Distributor Sales Specialist, Eaton
By Joe Nowlan
When Jeff Richards was accepted to Texas A&M, he was considering the college’s engineering program. His older brother who had majored in industrial distribution at A&M suggested Richards consider a similar major.
The more Richards learned about industrial distribution, the more attractive it sounded.
“I talked with the faculty. They told me more about the degree…. [T]he breadth of opportunities it provided in sales or operations really drove me to it,” Richards said. “And the 100% job placement that [industrial distribution] boasted about really helped too.”
While still in college, Richards worked part-time for a local electrical distributor, Elliott Electric Supply. Between his studies at A&M and various internships, Richards knew he made the right career choice. After graduation, he accepted an offer from the Eaton Corporation, attracted to the company’s training program.
“I realized coming out of college just how much I still needed to learn. And that’s what drove me to the [Eaton] program,” Richards said. “And hearing about the training opportunities during the interview process is what did it for me.”
Eaton’s Leadership Development Program for Technical Sales sent Richards to California where he initially focused on residential and light commercial sales.
“It was a year-long program, a year-long commitment. I trained on how to quote jobs, how to price out jobs, and project management,” he explained. “What drove me to it was to be able to just learn. The commitment from Eaton in the program is just tremendous.”
While a native Texan, Richards enjoyed the contrast of living and working on the west coast.
“I lived out there for a year. It was kind of a culture shock. But I loved it out there,” Richards said.
Richards’ is now a distributor sales specialist in Austin. His Eaton territory covers about 200,000 square miles from Amarillo in the North Texas Panhandle, to as far south as Brownsville, “where I have one distributor who is about four blocks from Mexico,” he said.
Richards calls on more than 70 distributors in his region. In 2013, he drove more than 60,000 miles for his job.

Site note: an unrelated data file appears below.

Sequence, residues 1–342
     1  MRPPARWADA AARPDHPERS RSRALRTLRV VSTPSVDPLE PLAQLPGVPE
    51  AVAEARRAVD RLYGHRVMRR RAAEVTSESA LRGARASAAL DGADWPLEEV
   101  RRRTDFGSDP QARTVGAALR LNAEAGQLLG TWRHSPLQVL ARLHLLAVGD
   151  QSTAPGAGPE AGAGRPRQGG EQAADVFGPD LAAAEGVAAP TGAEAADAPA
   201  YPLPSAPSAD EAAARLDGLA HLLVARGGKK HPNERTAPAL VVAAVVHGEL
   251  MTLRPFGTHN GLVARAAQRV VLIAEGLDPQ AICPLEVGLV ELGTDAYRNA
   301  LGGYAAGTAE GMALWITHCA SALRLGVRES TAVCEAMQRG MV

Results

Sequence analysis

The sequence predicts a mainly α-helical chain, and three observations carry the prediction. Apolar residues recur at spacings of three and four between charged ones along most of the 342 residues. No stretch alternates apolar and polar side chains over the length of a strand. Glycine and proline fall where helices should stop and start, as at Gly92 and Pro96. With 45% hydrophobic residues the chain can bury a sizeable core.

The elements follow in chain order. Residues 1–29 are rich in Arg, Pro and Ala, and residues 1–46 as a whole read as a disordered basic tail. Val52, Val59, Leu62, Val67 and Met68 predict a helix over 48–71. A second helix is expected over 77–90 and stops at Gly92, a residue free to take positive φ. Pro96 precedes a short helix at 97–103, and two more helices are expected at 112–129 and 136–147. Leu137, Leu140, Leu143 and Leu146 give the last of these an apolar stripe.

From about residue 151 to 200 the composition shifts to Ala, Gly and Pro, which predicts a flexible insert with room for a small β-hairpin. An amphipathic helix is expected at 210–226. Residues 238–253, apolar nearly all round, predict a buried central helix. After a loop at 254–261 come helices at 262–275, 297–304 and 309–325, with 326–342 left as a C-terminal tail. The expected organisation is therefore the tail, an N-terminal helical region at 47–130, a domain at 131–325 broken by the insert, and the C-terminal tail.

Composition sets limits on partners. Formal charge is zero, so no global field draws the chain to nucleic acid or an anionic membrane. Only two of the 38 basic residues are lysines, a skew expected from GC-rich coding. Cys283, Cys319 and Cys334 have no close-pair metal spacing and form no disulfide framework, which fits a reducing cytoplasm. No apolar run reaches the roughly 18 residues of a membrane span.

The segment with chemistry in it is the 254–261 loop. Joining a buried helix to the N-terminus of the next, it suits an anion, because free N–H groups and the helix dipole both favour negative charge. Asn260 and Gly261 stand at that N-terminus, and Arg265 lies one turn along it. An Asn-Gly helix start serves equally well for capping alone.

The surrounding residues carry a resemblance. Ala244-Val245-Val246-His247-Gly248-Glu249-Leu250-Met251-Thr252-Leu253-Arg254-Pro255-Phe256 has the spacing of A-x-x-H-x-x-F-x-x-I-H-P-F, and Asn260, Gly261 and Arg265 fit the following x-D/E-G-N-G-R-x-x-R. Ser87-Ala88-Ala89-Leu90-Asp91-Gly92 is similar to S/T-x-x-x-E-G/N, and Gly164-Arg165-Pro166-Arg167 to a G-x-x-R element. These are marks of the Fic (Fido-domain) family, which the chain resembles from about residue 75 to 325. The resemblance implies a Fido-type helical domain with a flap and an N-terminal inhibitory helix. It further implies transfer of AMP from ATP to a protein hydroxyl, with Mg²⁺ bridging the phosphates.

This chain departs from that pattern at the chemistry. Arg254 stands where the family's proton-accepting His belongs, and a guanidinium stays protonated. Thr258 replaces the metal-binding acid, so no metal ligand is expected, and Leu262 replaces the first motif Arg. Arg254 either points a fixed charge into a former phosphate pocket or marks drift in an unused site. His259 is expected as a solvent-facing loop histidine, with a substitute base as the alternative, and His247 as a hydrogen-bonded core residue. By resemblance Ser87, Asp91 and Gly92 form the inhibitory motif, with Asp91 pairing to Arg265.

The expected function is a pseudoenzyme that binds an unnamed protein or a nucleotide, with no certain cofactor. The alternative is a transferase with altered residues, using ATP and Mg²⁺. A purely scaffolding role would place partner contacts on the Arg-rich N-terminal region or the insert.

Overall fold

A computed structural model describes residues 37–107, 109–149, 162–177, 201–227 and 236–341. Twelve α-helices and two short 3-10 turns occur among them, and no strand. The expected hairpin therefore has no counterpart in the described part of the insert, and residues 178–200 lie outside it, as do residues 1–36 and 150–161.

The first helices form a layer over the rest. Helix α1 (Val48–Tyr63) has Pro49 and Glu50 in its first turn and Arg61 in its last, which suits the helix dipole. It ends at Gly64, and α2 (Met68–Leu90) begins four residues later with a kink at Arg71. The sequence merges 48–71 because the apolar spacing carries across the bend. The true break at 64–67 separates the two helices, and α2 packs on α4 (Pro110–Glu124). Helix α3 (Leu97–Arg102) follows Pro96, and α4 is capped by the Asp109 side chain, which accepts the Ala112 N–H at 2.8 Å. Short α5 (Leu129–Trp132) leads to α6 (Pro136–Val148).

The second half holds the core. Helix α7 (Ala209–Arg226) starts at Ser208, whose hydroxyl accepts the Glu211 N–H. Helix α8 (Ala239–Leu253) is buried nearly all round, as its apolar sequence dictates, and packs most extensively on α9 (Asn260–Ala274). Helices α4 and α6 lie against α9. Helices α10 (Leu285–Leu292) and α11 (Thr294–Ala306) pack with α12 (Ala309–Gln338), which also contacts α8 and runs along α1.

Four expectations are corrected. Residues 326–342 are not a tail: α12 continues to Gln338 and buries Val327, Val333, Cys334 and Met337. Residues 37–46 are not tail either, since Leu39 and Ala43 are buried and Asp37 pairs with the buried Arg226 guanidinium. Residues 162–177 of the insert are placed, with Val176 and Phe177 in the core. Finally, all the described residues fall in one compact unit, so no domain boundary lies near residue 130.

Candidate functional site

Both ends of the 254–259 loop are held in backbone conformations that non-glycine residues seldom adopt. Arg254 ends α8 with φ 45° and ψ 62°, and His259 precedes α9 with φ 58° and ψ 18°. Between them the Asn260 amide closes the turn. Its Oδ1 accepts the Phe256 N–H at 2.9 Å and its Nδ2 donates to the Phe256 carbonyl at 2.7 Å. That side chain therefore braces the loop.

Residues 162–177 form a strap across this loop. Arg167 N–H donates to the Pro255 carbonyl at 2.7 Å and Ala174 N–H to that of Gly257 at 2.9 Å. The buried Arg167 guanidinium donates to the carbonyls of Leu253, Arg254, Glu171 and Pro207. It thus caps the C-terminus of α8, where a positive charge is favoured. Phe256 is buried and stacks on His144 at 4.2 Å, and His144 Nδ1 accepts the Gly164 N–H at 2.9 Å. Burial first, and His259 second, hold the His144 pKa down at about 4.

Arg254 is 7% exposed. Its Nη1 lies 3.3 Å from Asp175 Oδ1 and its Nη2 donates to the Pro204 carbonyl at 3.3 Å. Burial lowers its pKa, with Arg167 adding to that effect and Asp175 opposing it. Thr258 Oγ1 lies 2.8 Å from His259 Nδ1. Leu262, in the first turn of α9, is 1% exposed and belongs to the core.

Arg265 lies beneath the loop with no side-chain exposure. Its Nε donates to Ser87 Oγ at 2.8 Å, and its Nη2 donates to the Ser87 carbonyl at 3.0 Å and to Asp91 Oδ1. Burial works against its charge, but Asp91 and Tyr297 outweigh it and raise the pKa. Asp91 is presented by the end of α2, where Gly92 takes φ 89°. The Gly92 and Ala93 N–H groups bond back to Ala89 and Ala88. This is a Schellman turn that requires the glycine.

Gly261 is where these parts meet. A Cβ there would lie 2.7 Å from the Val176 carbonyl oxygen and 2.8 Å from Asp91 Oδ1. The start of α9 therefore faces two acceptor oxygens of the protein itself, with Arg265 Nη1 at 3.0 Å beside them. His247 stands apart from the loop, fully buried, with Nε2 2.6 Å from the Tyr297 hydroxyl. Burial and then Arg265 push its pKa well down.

“I’m a road warrior for sure.  was my first year in this role, so to get out and meet the distributors, I put in a lot of windshield time,” he laughed. “Last week I did 1,500 miles. It wears on you.”
He tries to make his “windshield time” as productive as he can and appreciates having satellite radio.
“Satellite radio is great. I’ll also take phone calls. I might be on the road and be on the phone with a distributor for an hour and figure out how to do something,” he said.
Richards lives in the Austin, Texas, area with his wife Alexandra. She is finishing medical school and awaiting word of where her medical residency will be.
Richards is also an avid runner.
“I just do it to mostly stay in shape. I raced in high school and college, doing 5K and 10K races,” he said. “Being on the road all the time, sitting down every day, I need to get up and do something. It also helps managing stress.”
Q. What advice would you have for other young professionals in the electrical industry?
A. You can never ask too many questions. I wish I had asked more questions during my internships in the beginning. It is something I do all the time now. But you can never ask too many questions. That would be number one.
I guess another one would be to find a mentor. There are two guys that I work with who have 35-plus years of experience, both of them. It is always good to find a mentor. It is always easy for a young person to latch on to the other young people in the office. It is a little harder to latch onto somebody more seasoned. So I would tell them to find a mentor, whether in distribution or manufacturing. There is so much you can learn from those people. That is something that helped me so much in my younger career.
Q. You’re one of the youngest people to be recognized this year. Do you ever run into difficulty commanding respect in the company? If so, how do you manage that?
A. I kind of go into it with the fact that those who are 40 years or older may think that I’m just this young guy and may not know anything. So I don’t go into it as if I know it all.… I know I’m a younger guy. I know that there’s going to be a backlash. And when there is not, great. But when there is, I try to handle it as best I can. Usually, I try to be as understanding as possible with those people.… I am in the next generation of these people coming up and they want to work with me most of the time.
Most of the backlash I got, I tried to act like I don’t know everything. And as I said before, ask a ton of questions. Try not to act like I know it all. Most people are readily acceptable of that. But other times—you just can’t change some people. But those people are in the minority. Most people are very helpful.
Joe Nowlan is a Boston-based freelance writer/editor and author. He can be reached at firstname.lastname@example.org.Tagged with tED